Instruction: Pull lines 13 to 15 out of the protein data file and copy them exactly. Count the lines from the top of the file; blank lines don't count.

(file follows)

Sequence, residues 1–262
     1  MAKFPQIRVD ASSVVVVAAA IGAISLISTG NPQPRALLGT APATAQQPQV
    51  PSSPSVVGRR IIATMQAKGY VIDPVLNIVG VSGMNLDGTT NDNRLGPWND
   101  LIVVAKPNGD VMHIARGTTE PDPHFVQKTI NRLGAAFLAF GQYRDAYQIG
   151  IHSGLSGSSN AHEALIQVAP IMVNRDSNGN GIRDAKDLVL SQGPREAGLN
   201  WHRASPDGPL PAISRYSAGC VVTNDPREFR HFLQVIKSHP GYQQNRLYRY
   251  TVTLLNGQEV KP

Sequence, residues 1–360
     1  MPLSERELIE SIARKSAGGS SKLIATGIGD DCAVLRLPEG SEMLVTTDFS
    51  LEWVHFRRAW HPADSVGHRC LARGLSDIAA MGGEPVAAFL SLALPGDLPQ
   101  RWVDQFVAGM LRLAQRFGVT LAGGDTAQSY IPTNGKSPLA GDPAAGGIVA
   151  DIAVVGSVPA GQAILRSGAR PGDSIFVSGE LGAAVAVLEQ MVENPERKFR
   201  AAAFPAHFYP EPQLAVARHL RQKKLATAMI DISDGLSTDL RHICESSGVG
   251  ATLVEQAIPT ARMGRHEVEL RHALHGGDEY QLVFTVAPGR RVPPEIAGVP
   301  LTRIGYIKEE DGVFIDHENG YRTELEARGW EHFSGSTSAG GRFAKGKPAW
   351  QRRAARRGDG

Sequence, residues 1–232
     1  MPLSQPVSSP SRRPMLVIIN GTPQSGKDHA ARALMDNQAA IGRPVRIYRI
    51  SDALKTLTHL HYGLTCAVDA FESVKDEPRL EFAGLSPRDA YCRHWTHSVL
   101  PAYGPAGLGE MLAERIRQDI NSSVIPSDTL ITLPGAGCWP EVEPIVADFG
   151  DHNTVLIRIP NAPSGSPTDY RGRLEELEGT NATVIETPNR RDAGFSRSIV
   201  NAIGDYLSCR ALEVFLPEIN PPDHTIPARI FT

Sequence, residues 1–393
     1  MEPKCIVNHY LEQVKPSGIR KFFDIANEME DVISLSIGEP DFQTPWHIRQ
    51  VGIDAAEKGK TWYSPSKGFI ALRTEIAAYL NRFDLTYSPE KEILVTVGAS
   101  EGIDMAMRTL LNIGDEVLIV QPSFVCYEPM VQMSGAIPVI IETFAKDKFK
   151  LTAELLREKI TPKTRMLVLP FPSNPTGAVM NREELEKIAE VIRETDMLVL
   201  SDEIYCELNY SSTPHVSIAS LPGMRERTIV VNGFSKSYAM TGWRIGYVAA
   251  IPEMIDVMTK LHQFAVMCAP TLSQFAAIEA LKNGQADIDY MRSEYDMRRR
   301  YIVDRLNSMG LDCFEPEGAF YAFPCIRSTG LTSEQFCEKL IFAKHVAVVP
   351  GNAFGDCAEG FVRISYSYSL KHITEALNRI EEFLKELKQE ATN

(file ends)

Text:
   201  AAAFPAHFYP EPQLAVARHL RQKKLATAMI DISDGLSTDL RHICESSGVG
   251  ATLVEQAIPT ARMGRHEVEL RHALHGGDEY QLVFTVAPGR RVPPEIAGVP
   301  LTRIGYIKEE DGVFIDHENG YRTELEARGW EHFSGSTSAG GRFAKGKPAW